Is the NBN Co monopoly now safe?

The ACCC last week finalised its inquiry into the declaration of a “Superfast Broadband” wholesale access service. This inquiry was prompted by TPG Telecom’s plans to rollout Fibre to the Building (FTTB) technology to cover approximately 500,000 households in apartment buildings in the major capital cities around Australia.

TPG Telecom made this announcement soon after the election of the Abbott Government in September 2013 with many observers highlighting it was an attempt to “front-run” the build of the NBN with VDSL vectoring technology while NBN Co grappled with a change of policy and technology mix.

Some commentators called out the immediate threat to NBN Co’s business model and the need for NBN Co to respond to the competitive threat.

“It [NBN Co] will have a revenue impact … and NBN Co will have to respond competitively to this” – David Kennedy of Ovum in the Australian Financial Review on 17 September 2013.

At the outset NBN Co did signal speeding up its own FTTB rollout and taking on TPG in the market.

“A building that signs up to TPG runs the risk of being left with only one retail service provider.

The NBN levels the playing field for Australian telecommunications and creates real and vibrant competition.

We believe the NBN represents the superior solution for building owners and families and businesses they house” – Bill Morrow, CEO of NBN Co, in the Sydney Morning Herald on 15 April 2014.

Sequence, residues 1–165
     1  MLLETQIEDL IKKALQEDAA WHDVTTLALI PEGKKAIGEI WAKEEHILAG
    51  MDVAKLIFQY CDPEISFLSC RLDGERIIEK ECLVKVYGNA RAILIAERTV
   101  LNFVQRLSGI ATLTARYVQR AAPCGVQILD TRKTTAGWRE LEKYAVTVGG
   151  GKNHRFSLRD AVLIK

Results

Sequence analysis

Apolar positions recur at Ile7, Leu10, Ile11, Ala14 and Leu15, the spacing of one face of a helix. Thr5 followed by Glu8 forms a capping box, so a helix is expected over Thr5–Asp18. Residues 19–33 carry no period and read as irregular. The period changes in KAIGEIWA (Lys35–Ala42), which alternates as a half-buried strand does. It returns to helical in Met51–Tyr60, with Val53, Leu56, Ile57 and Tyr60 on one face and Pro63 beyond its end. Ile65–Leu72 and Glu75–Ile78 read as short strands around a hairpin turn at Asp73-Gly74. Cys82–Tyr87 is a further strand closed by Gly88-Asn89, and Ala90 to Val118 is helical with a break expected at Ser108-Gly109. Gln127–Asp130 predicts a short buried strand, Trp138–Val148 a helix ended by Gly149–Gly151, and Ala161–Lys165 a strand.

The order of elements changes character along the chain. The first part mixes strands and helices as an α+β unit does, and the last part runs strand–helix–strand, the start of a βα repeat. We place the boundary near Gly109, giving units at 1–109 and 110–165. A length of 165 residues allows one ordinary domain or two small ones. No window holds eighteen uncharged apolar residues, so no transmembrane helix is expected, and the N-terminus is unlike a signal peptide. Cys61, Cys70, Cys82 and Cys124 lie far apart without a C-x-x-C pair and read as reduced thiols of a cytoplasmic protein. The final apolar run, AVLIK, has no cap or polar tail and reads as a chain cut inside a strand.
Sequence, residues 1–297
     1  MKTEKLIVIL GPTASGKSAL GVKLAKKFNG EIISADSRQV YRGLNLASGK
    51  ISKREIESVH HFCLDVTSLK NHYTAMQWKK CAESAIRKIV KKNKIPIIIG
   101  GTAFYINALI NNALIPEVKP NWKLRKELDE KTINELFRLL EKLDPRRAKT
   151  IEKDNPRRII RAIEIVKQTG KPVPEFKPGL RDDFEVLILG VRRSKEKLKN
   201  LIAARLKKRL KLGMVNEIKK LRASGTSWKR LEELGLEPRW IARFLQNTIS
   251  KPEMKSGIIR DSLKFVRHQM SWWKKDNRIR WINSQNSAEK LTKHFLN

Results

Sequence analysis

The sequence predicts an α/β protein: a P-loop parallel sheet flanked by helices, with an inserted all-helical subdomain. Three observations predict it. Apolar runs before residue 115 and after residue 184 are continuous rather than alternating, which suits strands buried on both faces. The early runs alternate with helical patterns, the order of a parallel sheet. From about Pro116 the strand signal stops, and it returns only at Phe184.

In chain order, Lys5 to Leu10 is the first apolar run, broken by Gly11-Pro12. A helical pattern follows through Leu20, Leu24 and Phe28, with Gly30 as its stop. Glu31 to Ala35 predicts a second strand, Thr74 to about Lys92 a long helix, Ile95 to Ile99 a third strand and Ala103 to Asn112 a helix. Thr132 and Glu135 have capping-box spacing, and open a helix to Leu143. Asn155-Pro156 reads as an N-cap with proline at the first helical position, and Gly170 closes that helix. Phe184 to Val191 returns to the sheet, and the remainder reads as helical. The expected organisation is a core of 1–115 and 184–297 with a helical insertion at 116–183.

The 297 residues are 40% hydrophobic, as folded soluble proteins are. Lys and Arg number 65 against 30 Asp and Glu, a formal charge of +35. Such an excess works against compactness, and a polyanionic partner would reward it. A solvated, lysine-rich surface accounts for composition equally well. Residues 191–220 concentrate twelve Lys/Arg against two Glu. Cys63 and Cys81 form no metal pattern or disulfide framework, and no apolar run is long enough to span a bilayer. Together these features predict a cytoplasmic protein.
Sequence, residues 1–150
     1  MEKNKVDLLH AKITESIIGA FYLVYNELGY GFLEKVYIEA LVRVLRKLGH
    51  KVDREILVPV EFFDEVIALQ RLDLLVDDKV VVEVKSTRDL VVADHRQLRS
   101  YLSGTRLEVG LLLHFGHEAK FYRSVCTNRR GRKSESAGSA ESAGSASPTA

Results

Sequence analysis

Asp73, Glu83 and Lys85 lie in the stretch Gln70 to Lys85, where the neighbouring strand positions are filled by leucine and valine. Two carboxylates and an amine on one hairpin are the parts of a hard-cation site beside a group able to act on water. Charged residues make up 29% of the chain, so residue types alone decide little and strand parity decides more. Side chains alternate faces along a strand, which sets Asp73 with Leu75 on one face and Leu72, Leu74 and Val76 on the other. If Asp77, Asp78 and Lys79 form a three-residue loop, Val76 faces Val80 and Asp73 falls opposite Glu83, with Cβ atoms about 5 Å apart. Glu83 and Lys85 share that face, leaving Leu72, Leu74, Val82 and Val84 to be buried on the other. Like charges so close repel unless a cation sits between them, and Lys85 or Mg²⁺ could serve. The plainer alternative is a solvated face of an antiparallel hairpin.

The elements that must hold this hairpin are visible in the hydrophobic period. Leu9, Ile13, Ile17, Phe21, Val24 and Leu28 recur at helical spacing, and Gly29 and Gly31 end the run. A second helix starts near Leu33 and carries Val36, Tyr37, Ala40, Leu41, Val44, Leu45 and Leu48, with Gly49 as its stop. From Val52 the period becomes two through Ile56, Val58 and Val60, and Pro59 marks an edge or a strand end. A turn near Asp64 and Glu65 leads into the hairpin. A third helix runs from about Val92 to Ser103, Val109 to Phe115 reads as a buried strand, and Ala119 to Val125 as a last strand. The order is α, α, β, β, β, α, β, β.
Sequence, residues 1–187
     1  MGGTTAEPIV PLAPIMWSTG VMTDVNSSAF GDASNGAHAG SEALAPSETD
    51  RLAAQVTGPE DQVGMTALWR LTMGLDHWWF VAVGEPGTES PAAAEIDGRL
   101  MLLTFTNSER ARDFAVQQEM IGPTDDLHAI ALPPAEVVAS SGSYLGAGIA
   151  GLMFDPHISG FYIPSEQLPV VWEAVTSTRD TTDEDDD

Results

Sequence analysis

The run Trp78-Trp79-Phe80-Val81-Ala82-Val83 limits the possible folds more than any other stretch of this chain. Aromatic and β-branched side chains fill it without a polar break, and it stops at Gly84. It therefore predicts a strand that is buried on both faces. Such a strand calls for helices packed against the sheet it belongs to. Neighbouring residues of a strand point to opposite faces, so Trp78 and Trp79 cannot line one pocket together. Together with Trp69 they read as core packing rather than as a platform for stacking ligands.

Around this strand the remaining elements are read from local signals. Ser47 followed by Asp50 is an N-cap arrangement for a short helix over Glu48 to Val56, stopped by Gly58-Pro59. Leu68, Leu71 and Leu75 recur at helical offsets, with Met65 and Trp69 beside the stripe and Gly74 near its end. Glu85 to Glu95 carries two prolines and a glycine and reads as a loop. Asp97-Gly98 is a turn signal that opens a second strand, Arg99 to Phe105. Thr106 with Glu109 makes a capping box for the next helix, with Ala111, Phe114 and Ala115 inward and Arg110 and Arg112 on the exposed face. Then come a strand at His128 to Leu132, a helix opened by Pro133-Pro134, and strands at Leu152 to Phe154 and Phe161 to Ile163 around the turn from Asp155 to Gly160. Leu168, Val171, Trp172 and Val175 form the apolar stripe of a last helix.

But the early competitive zeal soon waned and the murky, complex world of telco regulation and policy took up the challenge of seeing off this threat.

Firstly, the Vertigan Panel of Experts recommended 1 that the ACCC commence a public inquiry with a view to declaring vectored DSL services and making wholesale bitstream services available to access seekers. This was despite the same Vertigan Panel stating in its Market and Regulatory Report the following :

“…preventing alternative superfast network providers from entering the retail market could seriously compromise the incentives for investment in competitive infrastructure. By discouraging that investment and strengthening a de facto NBN Co monopoly, the rules would then deprive end-users of services that might otherwise be provided or, if those services are provided, might cause them to be provided less promptly and efficiently than they could be” 2

Secondly, while the ACCC conducted its inquiry, the Coalition Government imposed carrier licence conditions on TPG Telecom that effectively required it to separate its wholesale and retail businesses for broadband service delivery on the FTTN network. This licence condition and extra regulation on new infrastructure investors was put in place despite the Coalition Government promoting its “de-regulation” credentials in the telco sector via the repeal of “red-tape” regulations. 3

Thirdly, NBN Co itself commenced legal proceeding against TPG Telecom alleging misleading and deceptive conduct with the rollout of the FTTB infrastructure.  The NSW Supreme Court ruled in favour of TPG Telecom in April 2015.

Finally, the ACCC made a final decision on 29 July 2016 to declare a Superfast Broadband wholesale access service that would apply to all fixed line connections with a downstream rate that is normally more than 25 Mbps. Interestingly, the declaration goes well beyond vectored VDSL services technologies to capture all fixed line technologies include HFC, G.Fast and Fibre to the Premise. This was on the basis of the ACCC preferring the service description to be “technology neutral”.